Production of laminarinase and alginase by marine bacteria after starvation

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Laminarinase and alginase activities in marine Vibrio strains were examined during nutrient and energy starvation. Spectrophotometric assays indicated that the bacteria were able to induce the enzymes on addition of laminarin and alginate, even after periods of prolonged starvation (up to 8 months). De novo protein synthesis was responsible for enzyme induction, as shown by experiments with chloramphenicol. Mannitol partially repressed the synthesis of the enzymes. Alginate had no effect on laminarinase induction, whereas laminarin did affect the induction of alginase. Addition of peptone and yeast extract allowed more rapid induction of the enzymes. Cells grown in the presence of inducer substrates and then starved maintained measurable enzyme levels for a week or longer. The results show that the bacteria may play a role in utilisation of polymeric carbohydrates in the marine environment, even after periods of nutrient deprivation. © 1992.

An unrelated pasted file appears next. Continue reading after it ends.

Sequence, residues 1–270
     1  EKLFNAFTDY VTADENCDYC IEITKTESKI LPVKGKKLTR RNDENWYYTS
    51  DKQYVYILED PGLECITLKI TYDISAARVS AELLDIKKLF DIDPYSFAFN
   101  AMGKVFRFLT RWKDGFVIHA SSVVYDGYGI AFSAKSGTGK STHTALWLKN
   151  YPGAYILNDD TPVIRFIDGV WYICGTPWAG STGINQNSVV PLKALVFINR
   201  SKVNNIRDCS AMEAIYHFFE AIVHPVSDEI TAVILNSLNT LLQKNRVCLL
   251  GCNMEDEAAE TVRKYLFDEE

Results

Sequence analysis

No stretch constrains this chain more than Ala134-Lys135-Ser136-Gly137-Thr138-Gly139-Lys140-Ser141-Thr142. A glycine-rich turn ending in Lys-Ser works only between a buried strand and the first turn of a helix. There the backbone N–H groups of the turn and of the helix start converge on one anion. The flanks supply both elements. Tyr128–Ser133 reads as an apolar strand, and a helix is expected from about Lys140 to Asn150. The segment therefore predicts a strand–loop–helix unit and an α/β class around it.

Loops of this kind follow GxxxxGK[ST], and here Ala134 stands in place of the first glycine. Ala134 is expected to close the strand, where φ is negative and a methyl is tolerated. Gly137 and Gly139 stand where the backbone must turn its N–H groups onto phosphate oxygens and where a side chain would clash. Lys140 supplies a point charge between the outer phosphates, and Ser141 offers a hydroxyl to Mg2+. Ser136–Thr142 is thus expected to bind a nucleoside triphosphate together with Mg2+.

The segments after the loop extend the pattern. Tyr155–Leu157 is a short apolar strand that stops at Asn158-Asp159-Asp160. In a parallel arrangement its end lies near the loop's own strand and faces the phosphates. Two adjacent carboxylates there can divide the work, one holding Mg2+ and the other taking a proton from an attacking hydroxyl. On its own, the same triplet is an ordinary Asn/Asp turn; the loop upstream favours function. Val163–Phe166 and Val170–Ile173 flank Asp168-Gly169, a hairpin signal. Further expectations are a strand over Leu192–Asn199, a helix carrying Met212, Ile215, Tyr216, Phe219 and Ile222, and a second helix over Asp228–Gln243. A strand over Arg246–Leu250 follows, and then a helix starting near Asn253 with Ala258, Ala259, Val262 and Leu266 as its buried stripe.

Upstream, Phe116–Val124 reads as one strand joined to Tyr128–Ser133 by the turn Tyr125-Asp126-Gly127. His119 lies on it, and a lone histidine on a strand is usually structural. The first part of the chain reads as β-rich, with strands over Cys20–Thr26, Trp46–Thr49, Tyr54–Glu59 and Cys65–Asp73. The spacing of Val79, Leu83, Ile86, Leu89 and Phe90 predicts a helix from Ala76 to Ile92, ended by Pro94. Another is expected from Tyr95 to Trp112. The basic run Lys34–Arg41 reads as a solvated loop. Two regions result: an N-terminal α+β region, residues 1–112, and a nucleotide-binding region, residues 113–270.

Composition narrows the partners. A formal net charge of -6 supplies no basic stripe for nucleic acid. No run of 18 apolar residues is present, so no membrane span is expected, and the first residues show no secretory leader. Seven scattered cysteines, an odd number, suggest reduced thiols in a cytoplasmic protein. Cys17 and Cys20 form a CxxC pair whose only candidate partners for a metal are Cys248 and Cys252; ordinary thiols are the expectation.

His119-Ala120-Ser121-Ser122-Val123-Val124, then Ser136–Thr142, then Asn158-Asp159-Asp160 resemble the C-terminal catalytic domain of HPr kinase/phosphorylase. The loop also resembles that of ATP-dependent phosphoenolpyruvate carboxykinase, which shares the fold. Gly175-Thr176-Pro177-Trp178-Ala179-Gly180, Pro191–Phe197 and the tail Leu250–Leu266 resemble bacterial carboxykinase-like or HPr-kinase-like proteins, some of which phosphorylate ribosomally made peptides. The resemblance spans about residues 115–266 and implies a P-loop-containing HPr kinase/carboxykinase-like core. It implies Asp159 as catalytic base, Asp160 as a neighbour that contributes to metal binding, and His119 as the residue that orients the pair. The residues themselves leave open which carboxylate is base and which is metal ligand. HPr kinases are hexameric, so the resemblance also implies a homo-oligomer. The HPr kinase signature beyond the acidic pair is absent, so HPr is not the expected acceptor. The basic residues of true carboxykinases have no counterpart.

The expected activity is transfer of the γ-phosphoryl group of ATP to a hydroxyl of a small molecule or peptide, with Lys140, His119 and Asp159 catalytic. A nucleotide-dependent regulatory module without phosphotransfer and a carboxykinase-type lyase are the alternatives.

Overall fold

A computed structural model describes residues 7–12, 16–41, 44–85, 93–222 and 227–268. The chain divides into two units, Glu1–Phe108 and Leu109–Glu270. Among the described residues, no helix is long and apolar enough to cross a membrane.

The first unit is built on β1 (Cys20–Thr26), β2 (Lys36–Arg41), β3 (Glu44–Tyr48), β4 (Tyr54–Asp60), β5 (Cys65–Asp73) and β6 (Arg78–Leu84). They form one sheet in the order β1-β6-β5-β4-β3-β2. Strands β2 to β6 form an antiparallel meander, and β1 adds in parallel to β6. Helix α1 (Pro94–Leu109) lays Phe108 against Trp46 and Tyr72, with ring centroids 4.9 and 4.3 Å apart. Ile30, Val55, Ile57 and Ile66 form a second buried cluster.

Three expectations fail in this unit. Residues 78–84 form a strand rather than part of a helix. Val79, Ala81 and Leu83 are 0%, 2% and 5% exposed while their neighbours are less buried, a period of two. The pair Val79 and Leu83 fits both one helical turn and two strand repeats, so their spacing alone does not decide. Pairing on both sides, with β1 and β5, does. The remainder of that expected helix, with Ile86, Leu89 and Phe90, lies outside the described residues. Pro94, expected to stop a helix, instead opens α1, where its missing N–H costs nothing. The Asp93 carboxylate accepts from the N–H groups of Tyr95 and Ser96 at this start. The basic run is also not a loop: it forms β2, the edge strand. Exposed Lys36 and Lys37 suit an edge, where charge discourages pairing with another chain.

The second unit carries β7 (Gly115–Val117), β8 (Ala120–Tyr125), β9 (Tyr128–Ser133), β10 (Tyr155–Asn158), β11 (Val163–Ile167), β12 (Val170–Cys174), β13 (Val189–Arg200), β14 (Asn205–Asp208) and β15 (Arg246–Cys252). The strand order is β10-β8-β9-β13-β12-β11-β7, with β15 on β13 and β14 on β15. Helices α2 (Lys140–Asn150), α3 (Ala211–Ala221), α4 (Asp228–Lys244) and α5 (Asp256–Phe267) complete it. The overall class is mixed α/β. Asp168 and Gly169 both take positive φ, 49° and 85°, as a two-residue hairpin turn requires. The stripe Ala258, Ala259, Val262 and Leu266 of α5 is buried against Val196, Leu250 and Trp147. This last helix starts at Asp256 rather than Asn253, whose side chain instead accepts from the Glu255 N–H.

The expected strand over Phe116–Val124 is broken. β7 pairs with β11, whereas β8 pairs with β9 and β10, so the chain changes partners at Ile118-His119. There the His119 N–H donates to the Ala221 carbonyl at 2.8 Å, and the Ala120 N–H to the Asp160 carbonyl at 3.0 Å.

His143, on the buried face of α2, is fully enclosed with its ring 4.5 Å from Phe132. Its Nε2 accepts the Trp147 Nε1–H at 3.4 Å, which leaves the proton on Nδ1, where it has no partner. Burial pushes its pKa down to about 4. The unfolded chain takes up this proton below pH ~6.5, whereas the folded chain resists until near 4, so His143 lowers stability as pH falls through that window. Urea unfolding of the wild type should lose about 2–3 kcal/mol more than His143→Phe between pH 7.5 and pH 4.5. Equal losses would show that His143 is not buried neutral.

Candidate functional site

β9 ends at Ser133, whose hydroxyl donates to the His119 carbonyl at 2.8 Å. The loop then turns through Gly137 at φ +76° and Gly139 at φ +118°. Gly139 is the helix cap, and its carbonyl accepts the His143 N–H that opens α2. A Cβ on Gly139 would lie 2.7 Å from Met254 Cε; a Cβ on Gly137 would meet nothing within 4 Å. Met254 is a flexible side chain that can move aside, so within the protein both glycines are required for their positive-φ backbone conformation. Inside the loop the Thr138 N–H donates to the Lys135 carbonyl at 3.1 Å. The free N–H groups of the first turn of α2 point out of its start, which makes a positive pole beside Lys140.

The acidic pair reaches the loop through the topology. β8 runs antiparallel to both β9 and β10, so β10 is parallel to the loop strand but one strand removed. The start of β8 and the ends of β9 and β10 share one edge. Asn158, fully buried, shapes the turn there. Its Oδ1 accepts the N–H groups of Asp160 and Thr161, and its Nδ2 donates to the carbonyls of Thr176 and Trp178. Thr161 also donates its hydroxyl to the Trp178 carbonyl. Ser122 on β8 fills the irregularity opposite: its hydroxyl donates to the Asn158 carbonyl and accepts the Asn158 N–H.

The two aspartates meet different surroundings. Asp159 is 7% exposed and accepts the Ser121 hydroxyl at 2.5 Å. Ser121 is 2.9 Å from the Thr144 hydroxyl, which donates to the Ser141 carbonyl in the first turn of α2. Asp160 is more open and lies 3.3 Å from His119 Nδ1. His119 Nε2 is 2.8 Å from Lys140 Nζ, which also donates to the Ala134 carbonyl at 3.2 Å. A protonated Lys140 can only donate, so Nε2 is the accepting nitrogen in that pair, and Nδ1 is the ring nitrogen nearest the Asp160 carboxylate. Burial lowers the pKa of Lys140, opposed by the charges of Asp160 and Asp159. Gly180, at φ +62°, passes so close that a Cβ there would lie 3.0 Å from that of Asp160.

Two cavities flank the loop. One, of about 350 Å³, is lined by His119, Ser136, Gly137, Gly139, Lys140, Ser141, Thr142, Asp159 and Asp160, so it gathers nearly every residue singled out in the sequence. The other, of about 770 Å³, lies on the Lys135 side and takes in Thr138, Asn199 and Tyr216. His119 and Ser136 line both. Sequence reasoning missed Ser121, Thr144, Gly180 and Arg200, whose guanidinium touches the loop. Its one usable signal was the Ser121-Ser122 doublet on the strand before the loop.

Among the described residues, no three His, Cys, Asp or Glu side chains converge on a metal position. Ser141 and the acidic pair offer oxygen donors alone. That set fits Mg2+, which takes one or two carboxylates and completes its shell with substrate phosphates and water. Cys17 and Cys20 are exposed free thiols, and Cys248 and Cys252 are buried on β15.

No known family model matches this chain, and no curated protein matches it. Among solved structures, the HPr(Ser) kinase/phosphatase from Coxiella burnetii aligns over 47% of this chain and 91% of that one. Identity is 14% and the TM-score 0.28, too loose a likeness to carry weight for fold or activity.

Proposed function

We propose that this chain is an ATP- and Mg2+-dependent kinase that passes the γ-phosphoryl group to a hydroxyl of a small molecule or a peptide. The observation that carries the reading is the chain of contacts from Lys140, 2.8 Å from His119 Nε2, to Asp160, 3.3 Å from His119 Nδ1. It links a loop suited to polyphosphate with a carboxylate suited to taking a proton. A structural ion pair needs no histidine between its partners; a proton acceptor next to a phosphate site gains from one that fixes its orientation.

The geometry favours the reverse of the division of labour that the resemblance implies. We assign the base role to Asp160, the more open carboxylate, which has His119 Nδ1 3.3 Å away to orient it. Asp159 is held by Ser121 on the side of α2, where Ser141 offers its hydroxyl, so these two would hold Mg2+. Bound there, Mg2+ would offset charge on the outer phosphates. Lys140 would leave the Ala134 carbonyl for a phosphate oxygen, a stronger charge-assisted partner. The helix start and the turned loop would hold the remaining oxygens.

Davis, C. L. (1992). Production of laminarinase and alginase by marine bacteria after starvation. FEMS Microbiology Letters, 86(4), 349–355.

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